War Vets' Lawsuit Against Sen. Kerry Heats Up Taxpayers to Pay Kerry's Legal Fees
by Jim Kouri, CPP
"Vietnam veterans will not be intimidated by John Kerry," retired Air Force Colonel George "Bud" Day said in response to the Massachusetts Senator's newly created legal
expense trust fund to finance his court battles against a group of highly-decorated Vietnam War veterans.
Col. Day added, "Why one of the wealthiest men in the Senate would expect others to pay his lawyers and use questionable Senate privileges against veterans is shameful."
Col. Day is chairman of the Vietnam Veterans Legacy Foundation (VVLF), a group of Vietnam combat veterans who sued Sen. Kerry for "conspiracy and defamation." Day is the most decorated Air Force veteran alive, a Medal of Honor recipient, a veteran of three wars and a former Vietnam POW held captive for over five years.
Sen. Kerry recently filed papers with the US Senate creating a "legal expense trust fund" to handle costs associated with his defense in the VVLF lawsuit. This action appears to be questionable since he's defending actions he undertook before he became a member of the US Senate and while he was running a presidential campaign which has nothing whatsoever to due with Senate business. Ironically, the account is named "Fund for Truth and Honor."
"That's his way of mocking us and all Vietnam veterans," Col. Day remarked. "The concepts of truth and honor are utterly foreign to him. He's forced to plagiarize our words."
The veterans' lawsuit stems from Kerry's failed 2004 presidential bid when his campaign tried to prevent a documentary about Kerry's 1971 anti-war activities from being broadcast on television and cable stations, or shown in theaters.
That film, "Stolen Honor: Wounds that Never Heal," included interviews with Col. Day and several other Vietnam POWs. The film documented Naval Reserve Lt. Kerry's portrayal of Vietnam veterans as "war criminals" before the US Senate Foreign Relations Committee. Those accusations, the POWs said, were false, threatened their survival, and lengthened their captivity.
They also resented his use of the name "Genghis Khan" to describe the actions of the military. Senator Kerry is no different today. Recently, he said on national television that US soldiers "broke into Iraqi homes and terrorized women and children."
Shortly after the documentary's release in September 2004, Kerry campaign aides sued "Stolen Honor" producer Carlton Sherwood, a Pulitzer Prize and Peabody Award-winning journalist and decorated Marine Vietnam veteran. The lawsuits were followed by an assault on Sinclair Broadcast Group, which had announced plans to air the documentary. Kerry
campaign-inspired ad boycotts, stockholders' rebellions, and calls for FCC and FEC investigations eventually forced Sinclair to drop its planned airing of "Stolen Honor."
In August 2005 Kerry supporters filed two additional lawsuits against Sherwood and VVLF POWs, claiming they "libeled" Kerry and other Vietnam veterans by questioning whether they witnessed or participated in "war crimes and atrocities" in Vietnam. However, Sen. Kerry admitted to committing "atrocities" during the Vietnam War, but was never prosecuted by the military for his admissions.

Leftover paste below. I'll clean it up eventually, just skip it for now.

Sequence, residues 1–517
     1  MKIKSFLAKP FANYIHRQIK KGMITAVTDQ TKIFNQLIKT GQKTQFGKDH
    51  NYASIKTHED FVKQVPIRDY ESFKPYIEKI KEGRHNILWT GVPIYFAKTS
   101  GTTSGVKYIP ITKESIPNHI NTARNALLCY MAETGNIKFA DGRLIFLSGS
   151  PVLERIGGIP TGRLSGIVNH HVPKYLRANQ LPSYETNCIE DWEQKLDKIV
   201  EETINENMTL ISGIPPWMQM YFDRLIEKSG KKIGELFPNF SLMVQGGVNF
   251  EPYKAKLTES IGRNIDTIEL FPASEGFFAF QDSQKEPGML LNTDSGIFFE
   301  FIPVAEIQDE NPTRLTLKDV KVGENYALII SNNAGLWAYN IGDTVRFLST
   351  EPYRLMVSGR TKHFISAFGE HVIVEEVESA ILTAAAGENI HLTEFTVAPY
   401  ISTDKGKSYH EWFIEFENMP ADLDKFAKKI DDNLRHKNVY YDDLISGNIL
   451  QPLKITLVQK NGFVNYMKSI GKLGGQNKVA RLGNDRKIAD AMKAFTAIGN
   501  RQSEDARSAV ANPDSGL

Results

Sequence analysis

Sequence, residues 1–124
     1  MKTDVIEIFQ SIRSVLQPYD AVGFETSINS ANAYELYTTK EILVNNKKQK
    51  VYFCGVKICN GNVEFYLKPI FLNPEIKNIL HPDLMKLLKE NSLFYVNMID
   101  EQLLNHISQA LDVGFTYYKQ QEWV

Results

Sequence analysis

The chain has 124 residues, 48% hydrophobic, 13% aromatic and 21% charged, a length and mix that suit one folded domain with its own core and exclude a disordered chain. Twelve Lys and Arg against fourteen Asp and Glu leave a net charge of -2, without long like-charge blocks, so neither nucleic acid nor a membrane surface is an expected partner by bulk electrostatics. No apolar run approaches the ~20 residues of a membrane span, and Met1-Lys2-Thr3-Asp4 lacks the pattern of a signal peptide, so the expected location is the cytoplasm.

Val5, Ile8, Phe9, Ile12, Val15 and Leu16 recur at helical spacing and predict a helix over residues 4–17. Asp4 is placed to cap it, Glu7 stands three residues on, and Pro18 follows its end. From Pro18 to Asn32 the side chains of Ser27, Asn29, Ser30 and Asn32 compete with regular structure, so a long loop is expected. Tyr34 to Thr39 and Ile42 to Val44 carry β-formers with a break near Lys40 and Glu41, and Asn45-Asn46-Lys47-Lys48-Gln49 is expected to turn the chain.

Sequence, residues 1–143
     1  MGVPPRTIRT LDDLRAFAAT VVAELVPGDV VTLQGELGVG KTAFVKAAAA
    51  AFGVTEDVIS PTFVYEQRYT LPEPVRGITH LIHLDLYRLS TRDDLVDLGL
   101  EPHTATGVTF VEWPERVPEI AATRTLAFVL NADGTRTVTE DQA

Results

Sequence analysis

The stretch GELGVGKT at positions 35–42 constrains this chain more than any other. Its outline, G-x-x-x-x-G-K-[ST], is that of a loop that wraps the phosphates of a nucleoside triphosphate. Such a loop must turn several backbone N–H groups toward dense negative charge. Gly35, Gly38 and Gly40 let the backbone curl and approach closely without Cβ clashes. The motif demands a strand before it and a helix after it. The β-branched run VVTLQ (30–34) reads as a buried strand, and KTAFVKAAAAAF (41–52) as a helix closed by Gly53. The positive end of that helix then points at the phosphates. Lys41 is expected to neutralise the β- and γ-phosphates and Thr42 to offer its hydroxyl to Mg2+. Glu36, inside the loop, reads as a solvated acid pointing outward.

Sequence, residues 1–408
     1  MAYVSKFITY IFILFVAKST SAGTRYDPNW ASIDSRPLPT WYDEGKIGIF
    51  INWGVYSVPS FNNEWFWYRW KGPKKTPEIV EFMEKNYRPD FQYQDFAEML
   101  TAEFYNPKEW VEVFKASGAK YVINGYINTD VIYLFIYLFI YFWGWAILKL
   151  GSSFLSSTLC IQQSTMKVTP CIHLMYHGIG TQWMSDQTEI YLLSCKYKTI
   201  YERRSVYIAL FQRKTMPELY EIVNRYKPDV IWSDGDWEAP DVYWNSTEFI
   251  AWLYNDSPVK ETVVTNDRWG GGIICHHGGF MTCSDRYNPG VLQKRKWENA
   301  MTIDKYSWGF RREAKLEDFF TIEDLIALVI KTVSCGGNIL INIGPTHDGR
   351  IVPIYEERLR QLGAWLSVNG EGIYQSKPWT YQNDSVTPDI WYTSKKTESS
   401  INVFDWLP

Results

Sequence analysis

In response to Kerry's attacks on these honorable men, the VVLF POWs and Sherwood filed a "conspiracy defamation" lawsuit against Sen. Kerry and one of his top campaign aides, Anthony Podesta. That suit charges Kerry and his campaign with scheming to censor "Stolen Honor," attempting to prevent the American public from hearing Kerry's true anti-war history and the consequences his actions had on the POWs languishing in prisoner camps, as well as other Vietnam veterans.
"We could not stand by while John Kerry used his underlings to sue us into silence," Col. Day explained. "We could not allow this man to keep his hands clean while his surrogates did the dirty work, suing me and my fellow POWs because we spoke the truth about him.
What truly irks Col. Day and his fellow vets is the fact that Kerry is having US taxpayers foot his legal bills stemming from his anti-war comments and actions.
"It's time he is held accountable. He must face those whom he falsely accused. It's time America sees this man for [what] he really is, and the great harm he has done to many brave soldiers."
(Special thanks to Colonel Bud Day, USAF (Ret.) for providing information for this article.)
Jim Kouri, CPP is currently fifth vice-president of the National Association of Chiefs of Police. He's former chief at a New York City housing project in Washington Heights nicknamed "Crack City" by reporters covering the drug war in the 1980s. In addition, he served as director of public safety at a New Jersey university and director of security for a number of organizations. He's also served on the National Drug Task Force and trained police and security officers throughout the country. He writes for many police and crime magazines including Chief of Police, Police Times, The Narc Officer, Campus Law Enforcement Journal, and others. He's appeared as on-air commentator for over 100 TV and radio news and talk shows including Oprah, McLaughlin Report, CNN Headline News, MTV, Fox News, etc. His book Assume The Position is available at Amazon.Com, Booksamillion.com, and can be ordered at local bookstores. Kouri holds a bachelor of science in criminal justice and master of arts in public administration and he's a board certified protection professional.